These questions about morality keep appearing throughout the film in some form or other to Tony, and are constantly brought up by people around him. Is it possible that the people he encounters are demons subjecting him to mental and physical torment? In a later scene, one other character, a dangerous man, Herr Meister (Sten Ljunggren), possibly the owner of a nightclub that looks like a ruin in hell, locks Tony in a cage and mentions to him that chivalry is driven by lust, again questioning the selflessness of Tony’s good deed of saving Nadezhda!
There is also a parallel theme which hints at an attack on capitalism and the stark contrast between the attitudes of the rich and the poor. While Tony and his colleagues/friends are sitting at the table in his grand house, having a lavish meal, discussing topics like "the age of the internet" and "wife swapping", a homeless person appears and stares inside through their glass door! A person at the table suggests that maybe the man needs a drink. Tony promptly picks up a bottle of liquor, goes out and hands it over to the man, only to find that he empties the bottle all over the ground, and simply adds the bottle to the numerous empty bottles he has been collecting, possibly to sell them and buy some food with the money!
Later, Tony is asked to fire all the workers at his factory immediately, and shut it down! Instantly a lot of workers are rendered jobless! One of them is, incidentally, Nadezhda’s father! In a superb scene, Nadezhda invites Tony over for a cup of tea. Tony is more interested in how clean the cup is, tries to clean it a little bit, takes the cup to his mouth to sip the tea, but in the end doesn’t drink it at all!
This angle of the narrative takes a savagely funny turn in the scene of the men who arrive at Tony’s place to put up a fence, that apparently, Tony never asked for! The men are taken aback and take their disbelief of Tony’s denial of having sought their services so far as to slam back at him; "maybe you are trying to suggest that we do not exist!” It is a genius job of writing!
It is episodes like these, and more, that make "The Temptation of St. Tony" a mesmerizing film, not to mention the nods to various past and present masters of surrealism, like Luis Bunuel, David Lynch and Federico Fellini. The bravura sound design and dream-like imagery are in fact, definitely Lynch inspired! Even the lead actor, Taavi Eelmaa, looks and behaves in a manner which makes him seem like a lost sibling of Henry (Jack Nance) from David Lynch’s "Eraserhead"! The breathtaking, crisp, black and white cinematography by Mart Taniel (that reminds of the later works of Bela Tarr) and the awe-inspiring original music by Ulo Krigul, give this film a feel that is capable of putting the viewer into a trance. As it nears its bizarre, but "satisfying" (albeit in a twisted sense) climax, in fact, even a seemingly ordinary (but not quite) sequence benumbs the mind, with its jaw-dropping intensity, purely because of the goose-bump inducing crescendo that the score builds up to! With its underlying themes of morality and faith, Õunpuu also pays a tribute to the spiritual cinema of Andrei Tarkovsky and Ingmar Bergman. More Tarr and Tarkovsky influence is seen in long takes accompanied by meditative music in the background in some scenes, especially the one in the derelict church.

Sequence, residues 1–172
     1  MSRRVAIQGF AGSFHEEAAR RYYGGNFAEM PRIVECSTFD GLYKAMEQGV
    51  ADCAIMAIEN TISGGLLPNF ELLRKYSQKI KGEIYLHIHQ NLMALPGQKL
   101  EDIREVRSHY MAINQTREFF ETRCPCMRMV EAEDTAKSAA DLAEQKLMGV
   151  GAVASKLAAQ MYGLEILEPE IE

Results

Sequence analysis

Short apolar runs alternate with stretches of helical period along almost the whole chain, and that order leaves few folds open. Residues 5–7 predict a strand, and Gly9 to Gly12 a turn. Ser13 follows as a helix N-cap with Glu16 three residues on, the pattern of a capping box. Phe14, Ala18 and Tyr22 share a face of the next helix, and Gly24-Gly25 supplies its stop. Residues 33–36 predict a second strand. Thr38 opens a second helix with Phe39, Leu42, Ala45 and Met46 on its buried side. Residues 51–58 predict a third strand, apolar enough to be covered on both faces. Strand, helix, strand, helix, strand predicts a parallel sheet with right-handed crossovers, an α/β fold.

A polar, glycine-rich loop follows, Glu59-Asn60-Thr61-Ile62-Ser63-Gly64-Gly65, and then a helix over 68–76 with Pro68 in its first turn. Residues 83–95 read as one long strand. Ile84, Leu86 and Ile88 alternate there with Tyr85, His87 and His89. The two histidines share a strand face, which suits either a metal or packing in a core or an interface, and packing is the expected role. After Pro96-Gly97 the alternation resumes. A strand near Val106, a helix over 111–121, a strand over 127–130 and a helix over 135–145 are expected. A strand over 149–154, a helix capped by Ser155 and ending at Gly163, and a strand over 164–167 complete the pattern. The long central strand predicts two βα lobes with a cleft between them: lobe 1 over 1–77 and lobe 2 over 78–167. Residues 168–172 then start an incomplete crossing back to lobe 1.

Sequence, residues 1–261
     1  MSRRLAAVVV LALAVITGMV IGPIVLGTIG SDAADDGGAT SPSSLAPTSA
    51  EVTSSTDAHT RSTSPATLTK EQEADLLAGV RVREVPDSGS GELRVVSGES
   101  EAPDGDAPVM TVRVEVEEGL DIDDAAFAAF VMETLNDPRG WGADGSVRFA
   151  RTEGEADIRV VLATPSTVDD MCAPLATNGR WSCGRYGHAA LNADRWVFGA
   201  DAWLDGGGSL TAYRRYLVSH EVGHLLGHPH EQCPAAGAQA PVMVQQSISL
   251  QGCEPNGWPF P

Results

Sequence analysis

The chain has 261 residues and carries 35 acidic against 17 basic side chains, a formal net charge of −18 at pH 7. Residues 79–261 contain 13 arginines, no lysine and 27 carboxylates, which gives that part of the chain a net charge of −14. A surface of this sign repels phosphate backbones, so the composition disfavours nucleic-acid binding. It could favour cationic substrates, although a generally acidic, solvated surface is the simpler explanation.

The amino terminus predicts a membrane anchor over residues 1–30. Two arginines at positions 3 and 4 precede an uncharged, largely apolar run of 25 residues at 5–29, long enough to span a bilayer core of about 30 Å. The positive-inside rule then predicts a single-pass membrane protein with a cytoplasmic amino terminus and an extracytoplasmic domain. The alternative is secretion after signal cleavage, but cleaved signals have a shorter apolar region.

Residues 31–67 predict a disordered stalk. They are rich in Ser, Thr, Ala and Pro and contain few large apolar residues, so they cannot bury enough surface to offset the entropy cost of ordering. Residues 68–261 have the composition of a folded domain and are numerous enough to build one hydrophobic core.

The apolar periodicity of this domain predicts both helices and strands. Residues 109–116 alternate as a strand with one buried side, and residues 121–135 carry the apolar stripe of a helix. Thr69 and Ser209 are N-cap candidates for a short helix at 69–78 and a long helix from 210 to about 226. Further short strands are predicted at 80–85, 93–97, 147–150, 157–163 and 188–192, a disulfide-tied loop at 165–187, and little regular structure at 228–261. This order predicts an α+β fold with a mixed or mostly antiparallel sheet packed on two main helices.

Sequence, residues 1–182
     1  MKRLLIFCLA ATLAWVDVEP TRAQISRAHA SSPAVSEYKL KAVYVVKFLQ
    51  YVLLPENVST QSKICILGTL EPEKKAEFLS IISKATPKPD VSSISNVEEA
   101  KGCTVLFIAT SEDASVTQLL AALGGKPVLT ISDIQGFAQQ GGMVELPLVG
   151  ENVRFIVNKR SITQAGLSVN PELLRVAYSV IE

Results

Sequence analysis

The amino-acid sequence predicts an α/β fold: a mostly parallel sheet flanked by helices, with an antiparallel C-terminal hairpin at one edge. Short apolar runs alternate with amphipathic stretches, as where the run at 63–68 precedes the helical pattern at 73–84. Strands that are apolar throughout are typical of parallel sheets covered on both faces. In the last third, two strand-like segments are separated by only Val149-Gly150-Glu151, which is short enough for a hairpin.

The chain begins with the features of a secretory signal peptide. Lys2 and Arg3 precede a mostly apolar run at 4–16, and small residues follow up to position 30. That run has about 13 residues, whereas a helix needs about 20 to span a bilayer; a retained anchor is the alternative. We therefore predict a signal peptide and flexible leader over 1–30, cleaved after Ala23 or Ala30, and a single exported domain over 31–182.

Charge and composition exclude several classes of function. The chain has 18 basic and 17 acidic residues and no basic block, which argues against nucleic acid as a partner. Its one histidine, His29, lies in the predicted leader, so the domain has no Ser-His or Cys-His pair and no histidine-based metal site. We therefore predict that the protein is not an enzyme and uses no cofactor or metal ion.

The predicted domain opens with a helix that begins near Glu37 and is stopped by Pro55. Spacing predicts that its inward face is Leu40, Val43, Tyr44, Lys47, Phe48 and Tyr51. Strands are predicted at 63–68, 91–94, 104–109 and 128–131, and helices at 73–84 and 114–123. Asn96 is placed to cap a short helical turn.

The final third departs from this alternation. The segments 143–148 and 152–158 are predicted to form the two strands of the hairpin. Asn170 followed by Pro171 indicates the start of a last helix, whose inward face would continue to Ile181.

Thus, Õunpuu isn’t really breaking new grounds with "The Temptation of St. Tony", in terms of style and execution; he is obviously inspired. But any filmmaker of today, who has what it takes to even attempt to come close to the greatness of the aforementioned legendary auteurs, deserves respect! And what’s more, despite some obvious thematic influences, using the ancient myth of St. Anthony’s temptations, as source material, and interpreting it in a contemporary setting, is no mean feat. "The Temptation of St. Tony" is a mind-numbing audio-visual experience. For maximum effect, watch alone, and use a pair of headphones!